|Belief, philosophy: attitude of considering a sentence to be true. Unlike religious faith belief is linked to the assessment of probabilities. A belief is an attitude of a thinking person which can usually be formulated in a sentence, whereby the person must be able to integrate the sentence into a set of further sentences. A further condition is that the bearer of beliefs is able to reformulate the corresponding sentences and negate them, that is, to grasp their meaning. See also religious belief, propositional attitudes, intensions, probability, belief degrees, private language._____________Annotation: The above characterizations of concepts are neither definitions nor exhausting presentations of problems related to them. Instead, they are intended to give a short introduction to the contributions below. – Lexicon of Arguments. |
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|I 50 ff
Belief: always a belief in the truth of what is believed. Therefore, the distinction betw the merely phenomenological recognition of rational thinking and recognition of its objective validity is incomprehensible. (see Scepticism/Nagel).
E.g. I cannot say "I believe that p", but this is merely a psychological fact that concerns me. As for the truth, I do not I commit myself.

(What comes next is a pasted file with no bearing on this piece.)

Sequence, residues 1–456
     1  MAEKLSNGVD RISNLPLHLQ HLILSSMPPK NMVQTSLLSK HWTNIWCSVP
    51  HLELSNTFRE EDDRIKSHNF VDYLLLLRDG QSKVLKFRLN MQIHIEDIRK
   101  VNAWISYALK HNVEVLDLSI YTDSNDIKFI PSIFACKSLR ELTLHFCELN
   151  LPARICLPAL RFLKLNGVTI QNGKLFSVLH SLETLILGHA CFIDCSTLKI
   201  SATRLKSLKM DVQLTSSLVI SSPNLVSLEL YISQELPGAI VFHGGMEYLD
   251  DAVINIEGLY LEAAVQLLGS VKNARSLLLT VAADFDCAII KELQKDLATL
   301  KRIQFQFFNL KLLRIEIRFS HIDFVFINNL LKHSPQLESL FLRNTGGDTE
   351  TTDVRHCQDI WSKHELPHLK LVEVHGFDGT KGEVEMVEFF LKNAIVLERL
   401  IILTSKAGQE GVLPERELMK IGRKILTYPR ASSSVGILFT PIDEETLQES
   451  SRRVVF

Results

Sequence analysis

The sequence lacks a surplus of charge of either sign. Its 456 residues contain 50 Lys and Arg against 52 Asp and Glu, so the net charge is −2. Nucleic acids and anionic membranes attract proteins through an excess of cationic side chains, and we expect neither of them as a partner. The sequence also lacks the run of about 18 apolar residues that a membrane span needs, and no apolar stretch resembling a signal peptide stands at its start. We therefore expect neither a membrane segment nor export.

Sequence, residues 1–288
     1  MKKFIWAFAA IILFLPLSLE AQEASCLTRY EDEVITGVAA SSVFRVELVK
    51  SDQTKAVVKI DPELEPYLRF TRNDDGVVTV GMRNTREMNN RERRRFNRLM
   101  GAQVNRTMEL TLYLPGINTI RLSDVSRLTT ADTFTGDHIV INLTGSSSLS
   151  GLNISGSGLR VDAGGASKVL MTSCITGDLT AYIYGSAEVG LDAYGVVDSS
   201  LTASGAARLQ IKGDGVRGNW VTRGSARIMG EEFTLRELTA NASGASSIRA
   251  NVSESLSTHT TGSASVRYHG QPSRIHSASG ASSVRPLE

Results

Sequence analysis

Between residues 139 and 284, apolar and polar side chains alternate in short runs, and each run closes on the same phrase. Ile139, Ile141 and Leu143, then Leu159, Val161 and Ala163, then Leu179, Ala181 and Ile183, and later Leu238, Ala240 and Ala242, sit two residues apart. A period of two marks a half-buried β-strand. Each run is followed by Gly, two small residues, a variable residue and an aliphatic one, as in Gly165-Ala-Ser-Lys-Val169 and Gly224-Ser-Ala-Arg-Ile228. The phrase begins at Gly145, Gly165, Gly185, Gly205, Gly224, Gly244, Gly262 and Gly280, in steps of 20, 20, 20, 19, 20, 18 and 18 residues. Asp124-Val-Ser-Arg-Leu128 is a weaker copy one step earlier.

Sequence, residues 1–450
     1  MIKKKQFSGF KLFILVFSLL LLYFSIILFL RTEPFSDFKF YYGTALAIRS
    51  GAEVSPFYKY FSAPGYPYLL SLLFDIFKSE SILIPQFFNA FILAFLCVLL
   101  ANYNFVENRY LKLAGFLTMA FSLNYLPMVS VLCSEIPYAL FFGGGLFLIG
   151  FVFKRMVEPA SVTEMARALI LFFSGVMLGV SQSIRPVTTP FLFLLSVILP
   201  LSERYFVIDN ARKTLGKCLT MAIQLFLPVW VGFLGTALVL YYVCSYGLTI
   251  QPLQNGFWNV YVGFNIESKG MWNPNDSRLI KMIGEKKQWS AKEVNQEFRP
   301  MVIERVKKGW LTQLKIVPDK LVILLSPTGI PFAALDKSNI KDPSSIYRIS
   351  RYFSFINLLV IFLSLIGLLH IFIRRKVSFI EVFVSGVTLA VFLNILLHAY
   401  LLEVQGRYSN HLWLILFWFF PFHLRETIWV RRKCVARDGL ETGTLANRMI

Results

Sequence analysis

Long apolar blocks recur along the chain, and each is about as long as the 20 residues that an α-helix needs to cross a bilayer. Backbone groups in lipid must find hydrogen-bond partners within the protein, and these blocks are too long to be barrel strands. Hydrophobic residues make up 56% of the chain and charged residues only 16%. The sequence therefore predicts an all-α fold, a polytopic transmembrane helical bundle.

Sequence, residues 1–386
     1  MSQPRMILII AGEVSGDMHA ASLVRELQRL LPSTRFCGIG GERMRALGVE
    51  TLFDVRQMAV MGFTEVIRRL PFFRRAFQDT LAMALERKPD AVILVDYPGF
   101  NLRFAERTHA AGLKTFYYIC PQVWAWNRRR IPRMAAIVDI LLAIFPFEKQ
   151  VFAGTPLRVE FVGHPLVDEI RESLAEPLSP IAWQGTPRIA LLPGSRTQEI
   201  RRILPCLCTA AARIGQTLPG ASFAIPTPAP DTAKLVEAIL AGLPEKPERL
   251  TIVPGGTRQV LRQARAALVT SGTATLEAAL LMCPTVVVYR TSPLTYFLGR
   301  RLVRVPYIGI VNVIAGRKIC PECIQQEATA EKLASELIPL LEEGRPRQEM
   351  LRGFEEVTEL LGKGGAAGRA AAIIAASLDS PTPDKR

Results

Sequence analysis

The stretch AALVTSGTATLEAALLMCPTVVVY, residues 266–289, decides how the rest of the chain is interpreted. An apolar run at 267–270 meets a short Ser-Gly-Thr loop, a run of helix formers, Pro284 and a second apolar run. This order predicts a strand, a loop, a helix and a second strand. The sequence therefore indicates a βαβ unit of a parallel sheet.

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Def belief/Peirce: the statement that we believe is the one for which we are ready to act. Full of Faith is the willingness to act in vital crises according to the corresponding statement.
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Belief/world/reality/Nagel: beliefs are not simply more phenomena of the world.
_____________Explanation of symbols: Roman numerals indicate the source, arabic numerals indicate the page number. The corresponding books are indicated on the right hand side. ((s)…): Comment by the sender of the contribution.
Das letzte Wort Stuttgart 1999
Was bedeutet das alles? Stuttgart 1990
Die Grenzen der Objektivität Stuttgart 1991
The Structure of Science: Problems in the Logic of Scientific Explanation Cambridge, MA 1979